Syrian regime kills 200 civilians; 100 pro-Assad men die in strikes

Children in Eastern Ghouta have been hit hard. (AFP)
Updated 09 February 2018
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Syrian regime kills 200 civilians; 100 pro-Assad men die in strikes

JEDDAH: Four days of Syrian regime raids on Eastern Ghouta have killed more than 200 civilians, a war monitor said on Thursday, as the Syrian opposition denounced the “atrocities.”
Regime troops have since Monday waged an intense air campaign against Eastern Ghouta, the only significant opposition pocket near the capital Damascus.
Bombardment on Thursday alone killed 58 civilians, including 15 children, according to the Britain-based Syrian Observatory for Human Rights.
The deadliest strikes hit a market in the town of Erbin, killing 21 civilians, including nine children.
“These are the worst four days that Eastern Ghouta has ever gone through,” said Hamza, a doctor at the local Erbin clinic who was treating wounded patients.
“From 2011 until now, there has never been the level of bombardment we’ve seen in the last 96 hours.”
The opposition condemned the air raids. “As long as Iranian militias and Hezbollah are there, Syria won’t see peace,” opposition spokesman Yahya Al-Aridi told Arab News.
Hezbollah has killed Syrians and worked “brutally” to keep the regime in power, he said.
Also on Thursday, the US-led coalition said it killed at least 100 pro-regime fighters to fend off an attack on its allies in eastern Syria, in one of its deadliest confrontations yet with forces backing Damascus.
The initial attack was carried out by pro-regime forces on key oil and gas installations in parts of Deir Ezzor province controlled by US-backed Kurdish forces.
Russia’s Defense Ministry said the ultimate US goal in Syria was not to fight Daesh but to seize economic assets, the Interfax news agency reported.
Al-Aridi said: “The Russians are working on finding all sorts of excuses to cover up the failure of the political process and their efforts to sideline any political process.”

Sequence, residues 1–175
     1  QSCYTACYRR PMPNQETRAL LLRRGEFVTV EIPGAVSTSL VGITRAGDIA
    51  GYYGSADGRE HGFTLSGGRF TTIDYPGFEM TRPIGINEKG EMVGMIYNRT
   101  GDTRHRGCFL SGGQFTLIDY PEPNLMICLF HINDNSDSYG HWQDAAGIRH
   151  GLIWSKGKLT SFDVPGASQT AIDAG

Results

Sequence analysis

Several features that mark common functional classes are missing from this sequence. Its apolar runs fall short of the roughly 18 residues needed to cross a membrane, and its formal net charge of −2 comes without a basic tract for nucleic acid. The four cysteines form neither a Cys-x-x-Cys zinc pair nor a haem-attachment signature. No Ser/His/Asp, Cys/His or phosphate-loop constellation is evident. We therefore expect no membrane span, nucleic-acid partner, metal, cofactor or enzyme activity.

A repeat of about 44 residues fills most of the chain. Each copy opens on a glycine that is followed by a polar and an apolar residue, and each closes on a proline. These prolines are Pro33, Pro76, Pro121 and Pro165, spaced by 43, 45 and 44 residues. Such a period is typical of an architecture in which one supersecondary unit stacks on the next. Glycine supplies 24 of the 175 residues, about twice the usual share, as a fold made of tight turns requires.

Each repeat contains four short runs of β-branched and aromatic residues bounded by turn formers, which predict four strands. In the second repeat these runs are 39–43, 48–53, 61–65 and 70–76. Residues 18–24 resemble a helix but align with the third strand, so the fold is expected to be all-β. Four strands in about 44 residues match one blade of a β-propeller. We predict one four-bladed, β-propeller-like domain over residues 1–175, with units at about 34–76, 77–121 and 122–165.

The Russians are also trying to mask the savagery being inflicted in Eastern Ghouta, he added.
Turkish presidential sources on Thursday said Ankara, Moscow and Tehran will meet in Istanbul to discuss the Syrian crisis. Though the date is not fixed yet, the meeting is expected to take place this month. 
In parallel, Turkish Foreign Minister Mevlut Cavusoglu met on Wednesday in Tehran with his Iranian counterpart Mohammed Javad Zarif and President Hassan Rouhani.


UN warns of worsening hunger crisis in Yemen

Updated 16 min 4 sec ago
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UN warns of worsening hunger crisis in Yemen

  • The World Food Programme is in the process of scaling up its activities in Yemen to provide emergency food assistance
  • Eight million people in Yemen are already considered to be in the brink of famine

GENEVA: Some 12 million Yemenis could soon be on the brink of famine if the security and economic situation in the war-ravaged country does not improve, the UN warned Tuesday.
“Yemen is currently facing the world’s worst hunger crisis, with almost 18 million people throughout the country not knowing where their next meal is coming from,” World Food Programme (WFP) spokesman Herve Verhoosel told reporters in Geneva.
Over eight million people are already considered to be on the brink of famine in Yemen, he said, adding that the situation was being exacerbated by sky-rocketing food prices, which have soared by a third in the past year alone.
“If the situation persists, we could see an additional 3.5 million severely food insecure Yemenis, or nearly 12 million in total, who urgently require regular food assistance to prevent them from slipping into famine-like conditions,” he warned.
This means the UN agency will need more funding, Verhoosel told AFP, pointing out that “the more people (who need help), the more money is needed.”
WFP is in the process of scaling up its activities in Yemen to provide emergency food assistance to some eight million of the country’s hungriest people each month, Verhoosel said.
But he lamented that due to the dire security situation in the port city of Hodeida, the UN agency still did not have access to some 51,000 tons of wheat stocks at its Red Sea Mills facility there, which would be enough to feed 3.7 million people for a month.
“We are doing everything we can to ensure access to these wheat stocks,” Verhoosel said.
Yemen’s air, land and sea ports are currently functioning, so WFP had several ships filled with aid headed toward Yemen, and is working to reposition stocks in case routes are cut off, he said.
The agency has also begun using the port of Salalah in Oman as a supplementary route, he said.
WFP currently has enough grains in Yemen to help 6.4 million people for two months.
But Verhoosel warned that distribution across the country was difficult at best, insisting that aid workers need access and guarantees that their neutrality will be respected.
“We need an end to the fighting,” he said.
Yemen’s brutal conflict has since 2015 left some 10,000 people dead and has created what the UN has dubbed the world’s worst humanitarian crisis.